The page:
I am very passionate about Blend, there's no question there. But, I'm also a gamer... both board games and computer (PC/Console) games.I was having a conversation with a good friend yesterday, and the more I think about it, the more I just can't accept his argument. Please keep in mind that these are *MY* opinions, and don't reflect the opinions of Microsoft. Everything here is also based on publicly released and announced information, and has absolutely no information that isn't available to everyone else. I don't have some secret inside contact within XBox operations who's feeding me information... it's just the result of, what I thought, was a pretty interesting conversation.

So, the start of the conversation was about the XBox 360. Recently (I believe it was at E3), Microsoft said that they still see another good 5 years in the existing console, so there are no plans for another XBox until the 2014-2015 time frame.

My comment is that this is great. I would be ecstatic to have another five years in the hardware we've already bought. Besides, since we have two entertainment centers, we have TWO Xboxes, and I'm not in a huge hurry to replace them both.

This is where my friend (who I will call X) disagrees. His comment is that Microsoft should be persuing the enthusiast crowd more heavily. The PC Gaming crowd, which is getting more and more alienated, since more people are developing for consoles, are being forced to move to the consoles. Subsequently, they want the BEST graphics, the BEST sound, and everything like that. So, they're not going to want to move to a new console that's based on 3-4 year old technology.

X asserts that most 'serious' PC gamers upgrade their PC hardware on a once-a-year or once-every-two-year schedule. These gamers want a new console, so everything looks as good as it does on their $2000+ PCs, and if we want to entice them, which we certainly should, we need to make sure that our console is up to date with the biggest, strongest hardware to look it's absolute best.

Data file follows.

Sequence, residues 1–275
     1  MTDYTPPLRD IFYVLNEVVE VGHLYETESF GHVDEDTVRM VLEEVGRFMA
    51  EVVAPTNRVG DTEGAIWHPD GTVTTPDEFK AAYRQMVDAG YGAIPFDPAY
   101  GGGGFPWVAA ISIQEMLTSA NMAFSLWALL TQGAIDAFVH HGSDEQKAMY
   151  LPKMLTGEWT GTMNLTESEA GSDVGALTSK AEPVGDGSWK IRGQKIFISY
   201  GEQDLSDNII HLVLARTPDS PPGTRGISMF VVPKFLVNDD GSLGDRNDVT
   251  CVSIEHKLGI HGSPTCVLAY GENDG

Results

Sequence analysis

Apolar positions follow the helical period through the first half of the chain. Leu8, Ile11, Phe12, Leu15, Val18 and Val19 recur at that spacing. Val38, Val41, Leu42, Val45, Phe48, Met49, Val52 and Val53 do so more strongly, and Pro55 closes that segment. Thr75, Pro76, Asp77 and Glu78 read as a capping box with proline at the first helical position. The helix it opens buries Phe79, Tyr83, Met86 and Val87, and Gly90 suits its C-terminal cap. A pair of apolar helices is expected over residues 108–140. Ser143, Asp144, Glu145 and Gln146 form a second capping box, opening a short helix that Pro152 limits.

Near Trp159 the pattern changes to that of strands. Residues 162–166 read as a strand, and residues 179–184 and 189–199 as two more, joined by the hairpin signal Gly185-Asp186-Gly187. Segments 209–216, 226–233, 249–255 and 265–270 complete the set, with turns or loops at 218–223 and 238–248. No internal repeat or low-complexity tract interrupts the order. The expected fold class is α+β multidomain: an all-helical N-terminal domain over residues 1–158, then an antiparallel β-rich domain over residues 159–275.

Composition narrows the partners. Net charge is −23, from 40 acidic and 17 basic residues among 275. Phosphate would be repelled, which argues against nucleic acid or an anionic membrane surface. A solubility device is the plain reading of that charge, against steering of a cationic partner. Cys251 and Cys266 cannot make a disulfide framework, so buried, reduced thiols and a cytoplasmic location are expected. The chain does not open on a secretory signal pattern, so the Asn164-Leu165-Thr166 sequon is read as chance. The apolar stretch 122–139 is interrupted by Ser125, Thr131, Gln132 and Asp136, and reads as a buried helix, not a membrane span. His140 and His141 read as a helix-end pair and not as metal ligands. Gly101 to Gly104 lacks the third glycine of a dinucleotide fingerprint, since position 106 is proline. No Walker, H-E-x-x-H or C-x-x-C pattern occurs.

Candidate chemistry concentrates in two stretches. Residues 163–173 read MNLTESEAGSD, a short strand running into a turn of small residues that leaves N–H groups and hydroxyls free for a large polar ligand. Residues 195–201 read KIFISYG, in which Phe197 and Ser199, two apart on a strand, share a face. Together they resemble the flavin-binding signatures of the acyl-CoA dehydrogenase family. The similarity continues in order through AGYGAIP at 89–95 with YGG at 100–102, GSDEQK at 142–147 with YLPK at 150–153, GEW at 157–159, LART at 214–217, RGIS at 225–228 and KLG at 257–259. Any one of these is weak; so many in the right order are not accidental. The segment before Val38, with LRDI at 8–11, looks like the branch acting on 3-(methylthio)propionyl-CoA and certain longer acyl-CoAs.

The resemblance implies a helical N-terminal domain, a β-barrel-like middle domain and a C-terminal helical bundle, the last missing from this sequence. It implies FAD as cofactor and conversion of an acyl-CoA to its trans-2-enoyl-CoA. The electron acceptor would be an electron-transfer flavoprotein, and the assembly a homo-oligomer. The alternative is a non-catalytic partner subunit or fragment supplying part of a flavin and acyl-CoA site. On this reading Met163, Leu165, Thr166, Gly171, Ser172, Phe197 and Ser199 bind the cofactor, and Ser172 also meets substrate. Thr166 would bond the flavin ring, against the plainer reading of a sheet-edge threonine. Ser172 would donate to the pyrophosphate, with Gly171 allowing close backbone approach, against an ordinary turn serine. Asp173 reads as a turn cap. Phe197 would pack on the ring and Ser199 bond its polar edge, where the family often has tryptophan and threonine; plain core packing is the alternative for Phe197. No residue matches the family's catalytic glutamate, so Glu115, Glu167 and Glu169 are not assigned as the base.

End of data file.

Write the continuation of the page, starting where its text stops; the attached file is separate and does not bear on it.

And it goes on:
This is where I disagree, for a handful of reasons...

1. The enthusiast crowd is an interesting crowd, but thanks to the advent of the Wii, a new crowd is getting into gaming. This is the crowd that likes casual games that they can pay $10-$15 for, pick up and play, and run with. The XBox 360 and the Live Arcade is VERY enticing to this crowd. We don't need new hardware to play games like Geometry Wars or Uno. The existing hardware is an excellent solution for these folks.

2. Microsoft loses money on every XBox they make, and recovers that money in accessories and gaming licenses. This is simply a fact. And, let's be honest, the 360 wasn't the smoothest launch ever (My wife is on her third XBox now, and I worry that this one won't last too long either). As time goes on, the amount MS loses on each box decreases as the cost of the parts goes down. Why would we reboot that loss amount when the current console still has life in it?

3. We are in an economy with the highest unemployment in a VERY long time. If, as a bread winner in a family, I had $400 to spend on our entertainment, would I rather buy a new console, and possibly not even have enough money for a game for said console, or would I use that $400 to buy about 6 new games? I firmly believe that the percentage of Americans, right now, who could go out to the store and drop $400 without having to think about it for a few minutes, is pretty low.